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Indigenous Australia: Dark Emu Discussion

Dark Emu

Dark Emu is a book which challenges  the preconception that Indigenous Australia was primitive and not civilised because Indigenous peoples did not cultivate the land or keep domestic animals for food. This book and its thesis has been challenged by various people. The discussion is summarised below.

The discussions and arguments

Resources

The discussion around Dark Emu has led to a comprehensive Wikipedia page with useful footnotes and references.

What is Dark Emu?

Dark Emu by Bruce Pascoe is a non-fiction work that explores the statement that Indigenous Australians were hunter-gathers. It explores techniques in agriculture, aquaculture, housing and relationship with the land and animals. Pascoe draws upon journal entries from first settlers and archeological sites of certain areas, though stresses that more work and research is to be done to understand a broader view.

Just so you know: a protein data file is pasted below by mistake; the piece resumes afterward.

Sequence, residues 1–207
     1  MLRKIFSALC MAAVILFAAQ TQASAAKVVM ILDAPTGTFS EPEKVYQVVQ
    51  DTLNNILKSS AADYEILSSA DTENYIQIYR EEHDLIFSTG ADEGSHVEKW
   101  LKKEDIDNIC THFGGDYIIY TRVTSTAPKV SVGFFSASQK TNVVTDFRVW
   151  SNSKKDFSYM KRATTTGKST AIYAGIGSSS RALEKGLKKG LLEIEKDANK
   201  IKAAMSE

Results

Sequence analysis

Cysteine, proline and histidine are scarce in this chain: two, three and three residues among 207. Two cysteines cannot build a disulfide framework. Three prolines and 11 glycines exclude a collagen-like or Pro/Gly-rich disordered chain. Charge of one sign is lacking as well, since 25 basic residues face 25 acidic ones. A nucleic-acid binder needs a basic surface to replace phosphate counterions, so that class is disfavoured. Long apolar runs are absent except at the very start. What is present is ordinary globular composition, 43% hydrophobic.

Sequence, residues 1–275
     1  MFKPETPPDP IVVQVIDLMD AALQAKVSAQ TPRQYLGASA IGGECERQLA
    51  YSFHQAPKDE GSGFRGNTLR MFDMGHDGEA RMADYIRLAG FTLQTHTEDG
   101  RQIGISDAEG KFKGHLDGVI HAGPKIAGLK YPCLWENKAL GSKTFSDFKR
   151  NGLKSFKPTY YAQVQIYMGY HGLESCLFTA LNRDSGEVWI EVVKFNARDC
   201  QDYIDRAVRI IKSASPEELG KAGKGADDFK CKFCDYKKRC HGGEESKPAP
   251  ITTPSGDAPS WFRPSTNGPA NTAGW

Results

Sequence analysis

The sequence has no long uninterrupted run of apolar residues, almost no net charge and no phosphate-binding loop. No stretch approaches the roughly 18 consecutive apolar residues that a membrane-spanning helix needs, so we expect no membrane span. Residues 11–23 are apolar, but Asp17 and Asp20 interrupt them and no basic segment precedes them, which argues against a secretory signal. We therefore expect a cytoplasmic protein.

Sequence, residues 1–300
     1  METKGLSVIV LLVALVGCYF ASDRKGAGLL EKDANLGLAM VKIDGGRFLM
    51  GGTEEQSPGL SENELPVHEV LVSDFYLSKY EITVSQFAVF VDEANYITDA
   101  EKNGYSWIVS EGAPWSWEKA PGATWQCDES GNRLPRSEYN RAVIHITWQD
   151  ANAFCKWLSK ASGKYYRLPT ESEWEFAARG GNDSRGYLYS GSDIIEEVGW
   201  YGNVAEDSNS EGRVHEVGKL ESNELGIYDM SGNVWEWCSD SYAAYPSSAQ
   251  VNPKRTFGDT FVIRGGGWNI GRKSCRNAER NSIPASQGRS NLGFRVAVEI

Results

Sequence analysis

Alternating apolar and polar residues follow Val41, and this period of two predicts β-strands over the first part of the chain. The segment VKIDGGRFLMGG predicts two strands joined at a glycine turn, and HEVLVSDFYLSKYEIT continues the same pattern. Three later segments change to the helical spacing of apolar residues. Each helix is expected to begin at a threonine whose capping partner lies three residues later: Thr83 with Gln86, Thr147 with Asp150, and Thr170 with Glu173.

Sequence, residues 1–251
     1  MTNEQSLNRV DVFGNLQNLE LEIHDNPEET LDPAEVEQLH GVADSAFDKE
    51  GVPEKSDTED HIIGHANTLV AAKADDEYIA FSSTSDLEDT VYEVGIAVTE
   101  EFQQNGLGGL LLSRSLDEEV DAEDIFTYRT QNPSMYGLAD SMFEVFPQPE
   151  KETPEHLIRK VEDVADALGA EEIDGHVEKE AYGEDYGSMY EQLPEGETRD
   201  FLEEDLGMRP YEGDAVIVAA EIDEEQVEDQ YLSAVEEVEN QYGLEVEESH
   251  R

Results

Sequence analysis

Dark Emu debunks the colonial hunter-gatherer narrative of Aboriginal people, instead revealing complex and ancient agricultural technologies used to farm and manage the land.

There has been a great deal of controversy around his book from right wing journals, traditional historians & anthropologists as well as some aboriginal groups which believe that although facts might be independently correct, that Bruce has cherry picked his information to create a new view which does not reflect the greater evidence of history (oral, written and archaelogical) and that not enough of his sources are from indigenous historian.

All of the footnotes in the book are accurate and can be viewed in the State Libraries.

Image : Bruce Pascoe from Magabala Books

Dark Emu